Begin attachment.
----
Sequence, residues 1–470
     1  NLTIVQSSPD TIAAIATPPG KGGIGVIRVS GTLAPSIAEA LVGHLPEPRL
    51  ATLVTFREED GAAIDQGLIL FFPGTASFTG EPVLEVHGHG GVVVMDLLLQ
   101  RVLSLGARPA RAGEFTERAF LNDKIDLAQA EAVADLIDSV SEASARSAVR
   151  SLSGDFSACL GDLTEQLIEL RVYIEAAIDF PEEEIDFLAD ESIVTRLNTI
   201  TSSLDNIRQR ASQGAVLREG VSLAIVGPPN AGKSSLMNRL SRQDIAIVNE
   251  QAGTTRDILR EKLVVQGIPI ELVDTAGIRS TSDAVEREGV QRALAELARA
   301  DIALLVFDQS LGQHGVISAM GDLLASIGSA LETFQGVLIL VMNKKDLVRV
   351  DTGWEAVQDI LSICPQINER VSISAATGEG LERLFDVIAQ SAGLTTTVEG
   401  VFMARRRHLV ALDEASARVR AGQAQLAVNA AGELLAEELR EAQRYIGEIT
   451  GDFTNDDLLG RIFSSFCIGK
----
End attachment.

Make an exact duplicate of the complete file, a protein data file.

Sequence, residues 1–470
     1  NLTIVQSSPD TIAAIATPPG KGGIGVIRVS GTLAPSIAEA LVGHLPEPRL
    51  ATLVTFREED GAAIDQGLIL FFPGTASFTG EPVLEVHGHG GVVVMDLLLQ
   101  RVLSLGARPA RAGEFTERAF LNDKIDLAQA EAVADLIDSV SEASARSAVR
   151  SLSGDFSACL GDLTEQLIEL RVYIEAAIDF PEEEIDFLAD ESIVTRLNTI
   201  TSSLDNIRQR ASQGAVLREG VSLAIVGPPN AGKSSLMNRL SRQDIAIVNE
   251  QAGTTRDILR EKLVVQGIPI ELVDTAGIRS TSDAVEREGV QRALAELARA
   301  DIALLVFDQS LGQHGVISAM GDLLASIGSA LETFQGVLIL VMNKKDLVRV
   351  DTGWEAVQDI LSICPQINER VSISAATGEG LERLFDVIAQ SAGLTTTVEG
   401  VFMARRRHLV ALDEASARVR AGQAQLAVNA AGELLAEELR EAQRYIGEIT
   451  GDFTNDDLLG RIFSSFCIGK